> > > --- In email@example.com, "Paul" <jacor@t...> wrote:wrote:
> > > > --- In firstname.lastname@example.org, "teleocat" <cat.c@n...>
> > wrote:
> > > > > --- In email@example.com, "Paul" <jacor@t...>
> > > > > > --- In firstname.lastname@example.org, "teleocat"<cat.c@n...>
> > > > wrote:Teleocat,
> > > > > > In post 12355
> > > > Re: post 12376
> > >Teleocat
> > Re post 12514
Re; post 12517
"Perhaps your quoting style has something to do with it. In your
previous post your question wasn't anywhere near the quoted sentence
that you are refering to. I understand your question now. I was
accused of being anti-science, and by my response I meant that my
accusations of posts made on a yahoo discussion group are not
accusations of science itself."
BS. My statements are always close to what I am talking about.
The relevant, complete text of original post 12355 to which I
> >> >I don't need to claim that there are non-functional
> >> OK, then we can rule out the idea that here were since there is
> >> reason to expect it and no evidence to support such an idea.any
> >You can rule them out, you can leave them for later and not make
> >assumptions about them, you can investigate further, or you canbuild
> >a model which contradicts them.You said: "The reason is that the TOE depends on it. If I were to
> Actually we can decide that it is a silly idea not worthy of
> consideration. Unless you can give some reason why it should be
> considered otherwise.
point out in a physics group that physics needs to prove empirically
that the speed of gravity waves is the same as the speed of light,
should someone reply that if I don't believe the theoretical
prediction by General Relativity then I should show why, and that GR
is a fact proven in many ways, and besides no one has seen gravity
go any slower or any faster, and it's too hard to do in practice, so
I must be anti-science."
My reply was in post 12371
"(Speaking about transitional forms and the theory of evolution)"
teleocat says: "The reason is that the TOE depends on it. If I were
to point out in a physics group that physics needs to prove
empirically that the speed of gravity waves is the same as the speed
of light, should someone reply that if I don't believe the
theoretical prediction by General Relativity then I should show why,
and that GR is a fact proven in many ways, and besides no one has
seen gravity go any slower or any faster, and it's too hard to do in
practice, so I must be anti-science."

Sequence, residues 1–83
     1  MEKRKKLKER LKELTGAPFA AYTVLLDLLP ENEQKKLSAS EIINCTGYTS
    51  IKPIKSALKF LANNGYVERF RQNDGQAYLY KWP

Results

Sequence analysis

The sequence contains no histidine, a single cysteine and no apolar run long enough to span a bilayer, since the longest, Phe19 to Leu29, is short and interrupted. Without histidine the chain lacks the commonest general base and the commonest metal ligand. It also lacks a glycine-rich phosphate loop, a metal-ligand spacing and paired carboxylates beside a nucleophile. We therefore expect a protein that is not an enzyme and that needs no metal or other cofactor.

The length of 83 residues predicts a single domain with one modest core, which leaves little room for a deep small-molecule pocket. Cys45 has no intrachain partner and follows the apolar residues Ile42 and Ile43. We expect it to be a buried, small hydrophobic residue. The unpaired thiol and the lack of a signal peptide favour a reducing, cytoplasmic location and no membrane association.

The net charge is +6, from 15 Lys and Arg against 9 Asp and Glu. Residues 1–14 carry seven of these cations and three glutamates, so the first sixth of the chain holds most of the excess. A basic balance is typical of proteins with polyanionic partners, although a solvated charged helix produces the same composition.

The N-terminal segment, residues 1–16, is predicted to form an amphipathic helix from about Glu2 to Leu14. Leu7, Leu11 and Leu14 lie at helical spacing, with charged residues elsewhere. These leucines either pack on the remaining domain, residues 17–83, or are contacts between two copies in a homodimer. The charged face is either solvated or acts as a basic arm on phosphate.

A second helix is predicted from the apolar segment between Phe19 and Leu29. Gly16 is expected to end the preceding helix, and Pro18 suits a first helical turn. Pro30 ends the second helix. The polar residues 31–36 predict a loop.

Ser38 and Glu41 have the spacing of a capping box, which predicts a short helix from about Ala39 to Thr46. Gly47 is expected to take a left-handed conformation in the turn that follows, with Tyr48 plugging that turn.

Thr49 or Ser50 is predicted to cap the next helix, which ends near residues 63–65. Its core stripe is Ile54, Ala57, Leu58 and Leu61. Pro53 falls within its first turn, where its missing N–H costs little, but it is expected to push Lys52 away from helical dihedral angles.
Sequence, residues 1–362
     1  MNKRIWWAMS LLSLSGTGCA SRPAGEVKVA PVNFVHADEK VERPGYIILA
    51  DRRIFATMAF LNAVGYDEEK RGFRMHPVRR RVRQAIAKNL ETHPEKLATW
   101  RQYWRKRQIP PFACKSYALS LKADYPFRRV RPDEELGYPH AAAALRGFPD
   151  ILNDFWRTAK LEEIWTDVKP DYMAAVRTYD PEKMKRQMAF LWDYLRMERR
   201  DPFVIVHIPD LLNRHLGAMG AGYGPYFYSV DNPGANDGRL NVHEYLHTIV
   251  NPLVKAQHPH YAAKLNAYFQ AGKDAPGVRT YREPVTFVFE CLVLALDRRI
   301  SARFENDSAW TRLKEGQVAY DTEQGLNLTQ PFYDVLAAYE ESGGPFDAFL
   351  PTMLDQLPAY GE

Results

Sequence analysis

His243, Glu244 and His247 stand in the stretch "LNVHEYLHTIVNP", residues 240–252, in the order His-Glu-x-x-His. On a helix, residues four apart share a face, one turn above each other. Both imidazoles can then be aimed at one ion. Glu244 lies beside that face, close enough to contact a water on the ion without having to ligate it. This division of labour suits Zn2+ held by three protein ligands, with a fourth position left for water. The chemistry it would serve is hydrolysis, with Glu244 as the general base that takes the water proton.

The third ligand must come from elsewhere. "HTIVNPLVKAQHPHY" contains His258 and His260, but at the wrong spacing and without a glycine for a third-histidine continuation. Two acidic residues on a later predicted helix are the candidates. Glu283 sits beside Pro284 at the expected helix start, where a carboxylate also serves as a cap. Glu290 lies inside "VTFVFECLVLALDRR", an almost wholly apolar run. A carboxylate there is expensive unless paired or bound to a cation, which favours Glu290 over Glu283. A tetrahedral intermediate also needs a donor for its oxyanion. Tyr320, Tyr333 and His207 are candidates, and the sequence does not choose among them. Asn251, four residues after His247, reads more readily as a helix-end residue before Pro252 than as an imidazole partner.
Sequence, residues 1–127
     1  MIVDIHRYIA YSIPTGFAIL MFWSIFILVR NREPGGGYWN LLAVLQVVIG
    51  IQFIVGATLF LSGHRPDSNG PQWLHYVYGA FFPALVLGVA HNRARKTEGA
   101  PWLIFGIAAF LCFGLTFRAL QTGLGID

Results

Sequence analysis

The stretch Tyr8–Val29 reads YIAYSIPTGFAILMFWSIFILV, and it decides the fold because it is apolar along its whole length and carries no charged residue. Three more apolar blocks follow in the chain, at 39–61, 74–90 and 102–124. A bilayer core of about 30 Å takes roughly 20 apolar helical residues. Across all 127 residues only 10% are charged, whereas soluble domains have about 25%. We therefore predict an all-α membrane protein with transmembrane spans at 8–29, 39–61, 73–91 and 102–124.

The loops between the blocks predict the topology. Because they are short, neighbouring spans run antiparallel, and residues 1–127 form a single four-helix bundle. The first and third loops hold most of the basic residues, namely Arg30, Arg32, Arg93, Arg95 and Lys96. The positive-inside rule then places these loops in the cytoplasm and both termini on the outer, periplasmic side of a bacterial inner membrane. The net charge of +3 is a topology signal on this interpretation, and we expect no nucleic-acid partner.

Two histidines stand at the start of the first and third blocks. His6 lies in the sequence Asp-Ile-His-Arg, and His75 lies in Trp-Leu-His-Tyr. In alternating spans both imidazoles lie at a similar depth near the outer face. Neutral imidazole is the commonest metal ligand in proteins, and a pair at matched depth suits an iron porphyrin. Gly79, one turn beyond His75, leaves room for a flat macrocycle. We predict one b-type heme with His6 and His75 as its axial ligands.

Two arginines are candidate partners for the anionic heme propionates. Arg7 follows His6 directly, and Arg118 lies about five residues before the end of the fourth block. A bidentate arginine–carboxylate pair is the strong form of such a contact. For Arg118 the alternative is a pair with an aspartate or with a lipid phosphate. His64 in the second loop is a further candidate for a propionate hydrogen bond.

I said: "The problem with "proving" transitionals is mostly one of
definition. Any animal, be it found only in the fossil record or
currently living, is either a transitional form between the past and
the future (evolutionary definition) or a "complete" animal that is
not transitional (Creationist definition). Using your example of
physics, the speed of light needs to be defined as the speed of
light in a vacuum in order for your statement to be true. If a group
demands that since the speed of light in water is much slower than
your definition, then your "proof" of gravity and light speed being
equal is BS. Which is precisely what (BS) and why (unreasonable
definition) Creationists claim of transitional fossils."
>>inserted note this post: (BS has been used to replace what thelord and master objects to, spelling out the word)
Observation this posting:
At worst, you and I are in disagreement about "transitional forms"
and non-functional intermediaries not being different aspects of
essentially the same subject. However, my reply is right under your
quote to which I responded. I did not include the rest, because I
was not responding to the rest. I gave a summation of my
interpretation of the exchanges to that point immediately prior to
your quote. It was therefore more appropriate for you to correct my
reading of the argument, rather than accuse me of getting my science
from yahoo chat rooms. None of which alters the fact my response
was appropriate to your statement and right under your statement.
The only person, even in a complete quotation, that accuses you of
being anti-science is you. I read your comment as supporting the
Creationist argument because the theory of evolution does not meet
your standards of proof. Hence the wording of my answer.